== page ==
Thank you so much for this recipe!! I have been fully AIP for three weeks and have plans this weekend to go to a big gathering at a park this weekend. I made these tonight to fill a craving for something sweet and even my very picky hubby (not AIP/paleo/etc) had one and said how great they were. I am going to make a double batch to share with my other friends with gluten/dairy/etc issues.
Seriously the best AIP cookies ever! Can hardly tell they are gluten free! ?
This makes me so happy! Thank you for sharing!
These were delicious but way too salty. Once we doubled all of the other ingredients (making the salt, baking soda and cream of tartar only half of the original recipe ratio), they were absolutely incredible! So I’d suggest only using half of the amount of salt, baking soda and cream of tartar listed in the ingredients.
Thanks for letting me know! I’ll add a note to this recipe that the salt can be reduced. 🙂
These are the best chocolate chip cookies I’ve had in 6 years gluten free! I used vanilla powder so I added a teaspoon and a half of water. For my taste, I might take the salt down a bit. Delicious and my picky 4 yo approves, too!
Also, I noticed as I was whisking my flours together, I noticed lumps that appeared (by color) to be mostly tigernut flour. I tried to stir them out, but my mix seemed to be getting more lumpy instead of less. I ended up having to break the lumps with my fingers in the final dough. I wondered if it might be caused by the gelatin combining residual moisture in the tigernut flour? In any case, lumpiness would affect how much moisture is required to bring the dough together, so I thought that might be an angle to explore during recipe testing. Next time I’m going to make sure I sift the tigernut flour and stir the flours together before I add the gelatin to see if that helps.
That’s a great idea! I’ve never had this happen before, but what you mentioned makes sense.
Thank you for letting me know! So happy you enjoyed them 🙂
I’ve made these twice now, and they are delicious! The best tasting and texture for an AIP treat that I’ve had yet! However, both times, I’ve had to add extra fat and liquid. The first I used coconut oil, so I thought it was because of my substitution. The second time however, I used palm shortening. Each time when I combined the dry and wet ingredients it was very crumbly, so that I couldn’t form the dough into cookies until I added more oil or shortening. Not sure what I am missing?!?
Thank you for letting me know! I’ve had similar issues where I’ll make it one day and they form together perfectly, and the next week I have to add additional liquid. This recipe is actually going to be in a printed cookbook (!!!), so I’ll be testing it some more to see where the discrepancies might lie. I’m wondering if it could be affected by the weather, or potentially I’m sampling a few too many bites of the batter before adding the flours. I want to make sure they come out perfectly every time! I’ll come back here and comment when I get the updated recipe 🙂
Thank you! Can’t wait to see what you find!
Hi there! Were you ever able to figure this out? I made them yesterday for the first time and the dough was so crumbly I couldn’t form them into balls so I added water (not my best moment) which ended in them flattening like pancakes in the end. Would love to know of a solution if you’ve been able to figure it out! 🙂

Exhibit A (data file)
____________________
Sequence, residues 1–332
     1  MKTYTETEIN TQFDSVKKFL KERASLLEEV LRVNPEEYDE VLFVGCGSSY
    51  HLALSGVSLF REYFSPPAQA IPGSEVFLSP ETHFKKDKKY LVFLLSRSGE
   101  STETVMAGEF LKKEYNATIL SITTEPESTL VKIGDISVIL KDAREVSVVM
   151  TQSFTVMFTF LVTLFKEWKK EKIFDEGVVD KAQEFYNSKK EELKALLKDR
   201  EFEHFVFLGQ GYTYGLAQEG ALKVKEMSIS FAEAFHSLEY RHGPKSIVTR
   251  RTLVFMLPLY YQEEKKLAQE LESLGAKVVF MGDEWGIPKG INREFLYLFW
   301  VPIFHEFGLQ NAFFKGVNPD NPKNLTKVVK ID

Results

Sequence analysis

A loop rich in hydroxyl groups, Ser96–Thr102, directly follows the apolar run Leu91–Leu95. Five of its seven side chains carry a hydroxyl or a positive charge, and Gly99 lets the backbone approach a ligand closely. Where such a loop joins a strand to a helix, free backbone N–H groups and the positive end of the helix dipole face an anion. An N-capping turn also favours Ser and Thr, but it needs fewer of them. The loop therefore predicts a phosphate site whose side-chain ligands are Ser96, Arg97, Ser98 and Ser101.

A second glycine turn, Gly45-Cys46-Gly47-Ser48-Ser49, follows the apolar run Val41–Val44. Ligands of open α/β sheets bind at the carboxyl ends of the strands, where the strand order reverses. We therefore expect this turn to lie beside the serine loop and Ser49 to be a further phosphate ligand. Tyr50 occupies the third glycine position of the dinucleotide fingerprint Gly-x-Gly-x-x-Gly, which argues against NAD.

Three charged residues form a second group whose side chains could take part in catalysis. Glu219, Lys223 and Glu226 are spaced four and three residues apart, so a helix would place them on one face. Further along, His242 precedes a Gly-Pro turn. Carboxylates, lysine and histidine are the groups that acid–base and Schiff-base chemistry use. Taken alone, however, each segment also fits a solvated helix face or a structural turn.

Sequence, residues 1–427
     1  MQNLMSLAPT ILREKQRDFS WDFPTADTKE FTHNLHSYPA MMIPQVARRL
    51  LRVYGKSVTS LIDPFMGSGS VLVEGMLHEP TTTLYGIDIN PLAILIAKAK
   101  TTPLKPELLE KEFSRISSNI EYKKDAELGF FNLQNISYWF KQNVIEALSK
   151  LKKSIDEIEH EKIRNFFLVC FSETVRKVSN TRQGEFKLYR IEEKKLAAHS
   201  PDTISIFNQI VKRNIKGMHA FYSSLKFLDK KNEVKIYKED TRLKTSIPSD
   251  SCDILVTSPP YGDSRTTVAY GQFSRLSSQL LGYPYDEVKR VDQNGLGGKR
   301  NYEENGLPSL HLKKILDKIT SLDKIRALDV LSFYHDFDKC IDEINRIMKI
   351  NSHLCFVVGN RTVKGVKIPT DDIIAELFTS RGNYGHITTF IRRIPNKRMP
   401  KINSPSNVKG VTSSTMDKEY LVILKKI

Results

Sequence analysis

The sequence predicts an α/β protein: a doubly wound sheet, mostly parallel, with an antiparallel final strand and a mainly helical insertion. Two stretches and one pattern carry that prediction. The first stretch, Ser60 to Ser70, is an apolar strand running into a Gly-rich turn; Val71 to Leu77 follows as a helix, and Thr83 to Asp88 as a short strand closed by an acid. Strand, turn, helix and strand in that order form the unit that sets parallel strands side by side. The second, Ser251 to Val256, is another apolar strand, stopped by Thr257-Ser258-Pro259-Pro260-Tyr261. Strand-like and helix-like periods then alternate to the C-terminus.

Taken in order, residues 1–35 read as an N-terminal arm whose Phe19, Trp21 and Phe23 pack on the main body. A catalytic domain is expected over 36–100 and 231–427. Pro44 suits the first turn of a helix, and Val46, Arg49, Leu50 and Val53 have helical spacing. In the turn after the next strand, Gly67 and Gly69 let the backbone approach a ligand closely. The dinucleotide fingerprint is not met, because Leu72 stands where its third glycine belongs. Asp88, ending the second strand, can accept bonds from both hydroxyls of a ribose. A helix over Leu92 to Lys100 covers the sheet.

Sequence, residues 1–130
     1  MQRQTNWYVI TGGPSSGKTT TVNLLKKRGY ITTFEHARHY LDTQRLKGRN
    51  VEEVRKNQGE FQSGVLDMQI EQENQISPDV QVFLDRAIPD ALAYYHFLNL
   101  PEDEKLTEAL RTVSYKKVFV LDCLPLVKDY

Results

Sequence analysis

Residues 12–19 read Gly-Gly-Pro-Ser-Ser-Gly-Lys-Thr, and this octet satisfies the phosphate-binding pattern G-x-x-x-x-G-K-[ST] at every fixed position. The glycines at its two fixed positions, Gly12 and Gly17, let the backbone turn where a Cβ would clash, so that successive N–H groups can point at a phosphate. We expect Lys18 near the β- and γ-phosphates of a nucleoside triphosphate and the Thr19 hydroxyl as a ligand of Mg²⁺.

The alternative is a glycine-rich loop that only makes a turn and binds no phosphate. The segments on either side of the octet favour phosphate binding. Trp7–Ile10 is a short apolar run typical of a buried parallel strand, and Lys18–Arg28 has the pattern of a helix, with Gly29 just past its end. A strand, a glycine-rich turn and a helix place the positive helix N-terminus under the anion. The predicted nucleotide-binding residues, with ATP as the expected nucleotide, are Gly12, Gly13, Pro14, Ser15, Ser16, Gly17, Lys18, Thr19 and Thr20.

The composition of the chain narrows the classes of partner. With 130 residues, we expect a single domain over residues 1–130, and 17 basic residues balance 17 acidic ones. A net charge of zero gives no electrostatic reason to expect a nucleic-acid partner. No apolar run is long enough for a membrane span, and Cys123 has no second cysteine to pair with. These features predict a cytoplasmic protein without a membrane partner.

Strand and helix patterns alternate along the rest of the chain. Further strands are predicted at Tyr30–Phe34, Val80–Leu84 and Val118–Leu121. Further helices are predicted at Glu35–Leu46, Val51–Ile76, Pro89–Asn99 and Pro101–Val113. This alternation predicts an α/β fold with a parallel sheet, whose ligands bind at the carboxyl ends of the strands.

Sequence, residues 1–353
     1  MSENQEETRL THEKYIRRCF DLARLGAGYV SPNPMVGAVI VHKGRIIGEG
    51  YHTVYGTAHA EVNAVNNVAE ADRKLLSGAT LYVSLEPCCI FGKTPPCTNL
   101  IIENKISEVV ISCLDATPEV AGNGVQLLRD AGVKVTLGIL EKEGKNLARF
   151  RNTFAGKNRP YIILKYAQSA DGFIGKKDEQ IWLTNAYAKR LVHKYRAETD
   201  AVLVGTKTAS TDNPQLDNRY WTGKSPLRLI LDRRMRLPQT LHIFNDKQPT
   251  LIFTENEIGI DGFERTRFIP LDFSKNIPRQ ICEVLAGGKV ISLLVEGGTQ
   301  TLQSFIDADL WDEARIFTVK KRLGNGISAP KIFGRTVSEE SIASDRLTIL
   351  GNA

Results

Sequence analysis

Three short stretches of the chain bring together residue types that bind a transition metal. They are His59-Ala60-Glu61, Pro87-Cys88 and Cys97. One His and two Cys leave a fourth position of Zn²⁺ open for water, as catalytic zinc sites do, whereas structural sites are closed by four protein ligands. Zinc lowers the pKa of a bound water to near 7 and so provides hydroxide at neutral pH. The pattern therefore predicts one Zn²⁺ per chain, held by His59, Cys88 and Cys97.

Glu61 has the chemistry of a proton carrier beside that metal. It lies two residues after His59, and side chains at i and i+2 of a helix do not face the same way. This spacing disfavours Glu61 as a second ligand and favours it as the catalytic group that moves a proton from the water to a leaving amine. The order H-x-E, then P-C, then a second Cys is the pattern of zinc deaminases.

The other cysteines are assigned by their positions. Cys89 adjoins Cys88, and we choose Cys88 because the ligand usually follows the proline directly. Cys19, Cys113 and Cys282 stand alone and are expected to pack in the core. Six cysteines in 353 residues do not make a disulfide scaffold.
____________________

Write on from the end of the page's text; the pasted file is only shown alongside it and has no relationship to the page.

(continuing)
Yes! So when you measure palm shortening, it’s really easy to not measure out the full amount since it can get air pockets in your measuring cup and not realize it. Which means you end up with less palm shortening than suggested. Now I measure by tablespoon and they’re perfect every time!
Oh, also… the coconut flour brand you use can make a big difference. Some absorb much more liquid than others.
This just happened to me. It was as if I had no wet ingredients at all once combined. I added extra maple syrup and more palm shortening and still it’s crumbly. I was able to squeeze them into balls, but they kept that shape in the oven. I don’t know what went wrong
UPDATE! The shape did not matter. They are amazing!
It’s Thursday, can these be kept until Monday or Frozen, or am I doomed to make another batch before Christmas and eat all of them myself?
Sorry for the delay in responding. I was in labor when you commented! 🙂
I haven’t ever frozen the baked cookies, but I know the dough freezes well. How did they turn out for you?
Is there a substitute for palm shortening? and tiger nut flour?
I’m not sure anything would be a good replacement for palm shortening. You could try grass fed butter if you tolerate dairy well. As for the tignernut flour, I’d suggest trying almond flour instead. The two have a similar texture. Keep in mind the end result will likely be very different with these two substitutions!
Oops, you were right about the parchment paper. Oh well, they’re still delicious!
Hi. Can another flour be substituted for the tigernut flour…like coconut or cassava?
You may need to add a little bit more palm shortening, or a couple of TBSP of coconut milk if you do. Coconut flour absorbs moisture, and I believe cassava flour does the same. So you’ll just want to replace that moisture if you make those switches. Otherwise, I think it should be good!
Hey, it’s difficult to source palm shortening in NZ – could we sub lard?
Yes, I actually think it would have a really good flavor with lard. The cookies may turn out flatter and crispier though. Just keep that in mind. If you try it out, please let me know how it works for you 🙂